cave

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an Aladdin's cave

A place full of treasures. (In The Arabian Nights, Aladdin finds a magic lamp in a cave.) I know you think your garage is full of junk, but to an antiques collector like me, it's an Aladdin's cave! Your playroom is like an Aladdin's cave for my kids—any toys that they don't have at home are positively enchanting! Ooh, I love thrifting! Secondhand shops are an Aladdin's cave for me.
See also: an, cave

cave in

1. verb To collapse into a hollow area below, as of a physical structure or formation. We were able to get the kids out of the house before the roof caved in.
2. verb To collapse, faint, or die, as from over-exertion. I hardly remember the end of the marathon because I caved in as soon as I crossed the finish line.
3. verb To submit, concede, or yield (to someone or something); to surrender or acknowledge defeat. Under the threat of a strike, the management caved in and agreed to reinstate annual pay increases for all employees.
4. noun A collapse into a hollow area below, as of a physical structure or formation. When used as a noun, the phrase is usually hyphenated. The fear of every miner is a cave-in.
See also: cave

keep cave

old-fashioned To remain vigilant or carefully watchful (for something or someone); to act as a guard or watch. In this phrase, "cave" derives from a Latin word meaning "beware." The gang employed youths from the area to keep cave and give a signal if any police officers arrived. I offered to keep cave at the door, as I had no intention of risking my life in that creepy old house.
See also: cave, keep

man cave

A room or area of a house designated for a man to retreat from the rest of his family and relax or engage in hobbies. My husband is watching the football game in his man cave right now.
See also: cave, man

the roof caves in

The situation collapses; everything goes wrong. I was living paycheck to paycheck and getting by OK, but then the roof caved in. I lost my job, and then my car and my house. Our sales have been in a slump for months, and now with all these legal issues cropping up, it just feels like the roof is caving in on our company.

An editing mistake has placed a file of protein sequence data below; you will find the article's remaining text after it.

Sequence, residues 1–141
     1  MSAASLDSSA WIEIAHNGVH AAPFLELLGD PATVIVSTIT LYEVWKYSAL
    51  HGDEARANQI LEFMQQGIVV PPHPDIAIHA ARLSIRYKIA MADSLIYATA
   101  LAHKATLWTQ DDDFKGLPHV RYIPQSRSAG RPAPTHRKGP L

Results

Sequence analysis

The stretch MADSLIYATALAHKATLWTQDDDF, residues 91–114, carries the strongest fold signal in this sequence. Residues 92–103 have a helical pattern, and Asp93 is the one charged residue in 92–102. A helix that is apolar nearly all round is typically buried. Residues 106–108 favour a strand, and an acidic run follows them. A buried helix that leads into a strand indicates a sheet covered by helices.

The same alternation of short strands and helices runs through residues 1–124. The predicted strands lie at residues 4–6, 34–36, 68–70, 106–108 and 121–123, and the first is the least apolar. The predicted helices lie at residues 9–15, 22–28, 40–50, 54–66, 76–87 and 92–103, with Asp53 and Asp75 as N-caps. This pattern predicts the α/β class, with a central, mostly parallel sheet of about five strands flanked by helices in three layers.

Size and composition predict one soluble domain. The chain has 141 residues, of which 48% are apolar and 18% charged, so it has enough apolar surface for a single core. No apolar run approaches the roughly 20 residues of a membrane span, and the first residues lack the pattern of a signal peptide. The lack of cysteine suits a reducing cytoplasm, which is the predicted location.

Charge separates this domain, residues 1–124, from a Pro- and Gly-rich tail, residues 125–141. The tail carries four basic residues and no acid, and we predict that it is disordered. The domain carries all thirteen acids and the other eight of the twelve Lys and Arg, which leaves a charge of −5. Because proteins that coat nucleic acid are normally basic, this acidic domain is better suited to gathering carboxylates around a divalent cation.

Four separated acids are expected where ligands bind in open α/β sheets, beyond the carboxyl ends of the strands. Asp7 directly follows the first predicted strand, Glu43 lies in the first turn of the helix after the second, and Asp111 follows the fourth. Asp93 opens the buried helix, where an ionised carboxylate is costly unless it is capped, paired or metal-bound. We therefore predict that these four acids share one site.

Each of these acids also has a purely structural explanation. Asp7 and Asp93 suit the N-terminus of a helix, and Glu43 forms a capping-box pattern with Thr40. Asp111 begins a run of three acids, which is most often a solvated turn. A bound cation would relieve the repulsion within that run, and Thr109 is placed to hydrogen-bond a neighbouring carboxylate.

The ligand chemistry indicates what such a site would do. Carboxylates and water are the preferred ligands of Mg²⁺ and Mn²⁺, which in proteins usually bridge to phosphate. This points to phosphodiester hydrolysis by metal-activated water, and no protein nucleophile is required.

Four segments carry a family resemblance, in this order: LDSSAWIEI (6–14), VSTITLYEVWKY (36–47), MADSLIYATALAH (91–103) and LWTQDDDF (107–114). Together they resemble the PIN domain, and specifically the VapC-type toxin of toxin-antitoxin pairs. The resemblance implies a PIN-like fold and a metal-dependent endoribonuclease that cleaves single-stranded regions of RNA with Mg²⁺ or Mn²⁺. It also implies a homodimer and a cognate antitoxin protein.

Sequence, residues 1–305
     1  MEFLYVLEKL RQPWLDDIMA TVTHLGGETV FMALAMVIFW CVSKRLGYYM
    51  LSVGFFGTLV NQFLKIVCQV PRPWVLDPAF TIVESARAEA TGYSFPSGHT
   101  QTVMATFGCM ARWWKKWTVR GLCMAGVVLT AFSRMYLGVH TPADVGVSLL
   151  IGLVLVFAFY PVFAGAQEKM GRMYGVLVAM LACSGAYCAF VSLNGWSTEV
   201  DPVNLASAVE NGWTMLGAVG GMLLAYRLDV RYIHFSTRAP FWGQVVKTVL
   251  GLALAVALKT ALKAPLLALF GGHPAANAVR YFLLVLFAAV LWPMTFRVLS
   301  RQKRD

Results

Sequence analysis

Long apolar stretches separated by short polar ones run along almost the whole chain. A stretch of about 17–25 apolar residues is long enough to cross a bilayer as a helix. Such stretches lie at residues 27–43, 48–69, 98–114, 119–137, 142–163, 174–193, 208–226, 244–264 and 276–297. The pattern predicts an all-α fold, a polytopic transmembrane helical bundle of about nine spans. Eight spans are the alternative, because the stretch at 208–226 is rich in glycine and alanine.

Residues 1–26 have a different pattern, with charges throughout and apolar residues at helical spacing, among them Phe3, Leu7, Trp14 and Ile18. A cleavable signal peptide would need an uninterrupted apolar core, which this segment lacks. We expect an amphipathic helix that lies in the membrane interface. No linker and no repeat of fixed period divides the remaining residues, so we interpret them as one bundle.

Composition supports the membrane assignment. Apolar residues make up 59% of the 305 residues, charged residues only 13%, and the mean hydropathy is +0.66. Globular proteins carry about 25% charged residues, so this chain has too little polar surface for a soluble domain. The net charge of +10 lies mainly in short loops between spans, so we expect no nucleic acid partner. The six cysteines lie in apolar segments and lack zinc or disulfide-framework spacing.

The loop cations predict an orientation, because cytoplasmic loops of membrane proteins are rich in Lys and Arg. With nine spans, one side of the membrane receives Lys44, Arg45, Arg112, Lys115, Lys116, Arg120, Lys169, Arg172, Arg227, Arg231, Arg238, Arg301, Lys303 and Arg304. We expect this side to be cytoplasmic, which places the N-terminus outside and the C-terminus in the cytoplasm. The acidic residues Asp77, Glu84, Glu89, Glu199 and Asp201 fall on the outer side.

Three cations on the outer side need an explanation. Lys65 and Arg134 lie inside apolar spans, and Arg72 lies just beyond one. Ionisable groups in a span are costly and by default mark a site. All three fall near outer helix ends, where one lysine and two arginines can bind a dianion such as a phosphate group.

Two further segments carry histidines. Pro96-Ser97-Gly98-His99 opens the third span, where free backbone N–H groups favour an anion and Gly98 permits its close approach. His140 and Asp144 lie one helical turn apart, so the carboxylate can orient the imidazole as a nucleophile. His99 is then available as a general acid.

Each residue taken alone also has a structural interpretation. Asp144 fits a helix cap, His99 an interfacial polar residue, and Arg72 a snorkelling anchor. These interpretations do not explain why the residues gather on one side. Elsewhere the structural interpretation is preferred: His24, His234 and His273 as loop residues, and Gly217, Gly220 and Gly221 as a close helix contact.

See also: cave, roof
Farlex Dictionary of Idioms. © 2022 Farlex, Inc, all rights reserved.

cave in

[for a roof or ceiling] to collapse. The roof of the mine caved in when no one was there. The tunnel caved in on the train.
See also: cave

cave in (to someone or something)

Fig. to give in to someone or something. Finally, the manager caved in to the customer's demands. I refuse to cave in under pressure from my opponent.
See also: cave
McGraw-Hill Dictionary of American Idioms and Phrasal Verbs. © 2002 by The McGraw-Hill Companies, Inc.

cave in

1. Fall in, collapse, as in The earthquake made the walls cave in. [Early 1700s]
2. Give in, admit defeat, as in The prosecutor's questions soon made the witness cave in. [Early 1800s]
3. Collapse, faint, or die from exhaustion, as in After a twenty-mile hike I caved in. [Mid-1800s]
See also: cave
The American Heritage® Dictionary of Idioms by Christine Ammer. Copyright © 2003, 1997 by The Christine Ammer 1992 Trust. Published by Houghton Mifflin Harcourt Publishing Company. All rights reserved.

an Aladdin's cave

a place full of valuable objects.
See also: an, cave

keep cave

act as lookout. school slang
Cave is a Latin word meaning ‘beware!’ Pronounced as one or two syllables, cave was the traditional warning uttered by a schoolchild to let others know that a teacher was approaching.
See also: cave, keep
Farlex Partner Idioms Dictionary © Farlex 2017

an Aladdin’s ˈcave

a place full of valuable or interesting objects: He kept for his private pleasure an Aladdin’s cave of stolen masterpieces.This expression comes from a story in The Arabian Nights. Aladdin was trapped in a cave full of gold and jewels by a magician.
See also: an, cave
Farlex Partner Idioms Dictionary © Farlex 2017

cave in

v.
To give way; collapse: The sides of the snow fort caved in. The mine shaft caved in on a group of miners, but fortunately they were rescued.
See also: cave
The American Heritage® Dictionary of Phrasal Verbs. Copyright © 2005 by Houghton Mifflin Harcourt Publishing Company. Published by Houghton Mifflin Harcourt Publishing Company. All rights reserved.
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